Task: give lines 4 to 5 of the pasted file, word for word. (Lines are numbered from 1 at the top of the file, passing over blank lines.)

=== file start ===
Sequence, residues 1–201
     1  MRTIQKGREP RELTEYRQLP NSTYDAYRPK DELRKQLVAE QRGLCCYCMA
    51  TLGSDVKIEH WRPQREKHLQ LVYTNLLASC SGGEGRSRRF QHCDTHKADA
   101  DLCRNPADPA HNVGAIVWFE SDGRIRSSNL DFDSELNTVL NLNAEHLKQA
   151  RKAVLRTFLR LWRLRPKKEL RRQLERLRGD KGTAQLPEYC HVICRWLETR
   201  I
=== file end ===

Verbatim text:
   101  DLCRNPADPA HNVGAIVWFE SDGRIRSSNL DFDSELNTVL NLNAEHLKQA
   151  RKAVLRTFLR LWRLRPKKEL RRQLERLRGD KGTAQLPEYC HVICRWLETR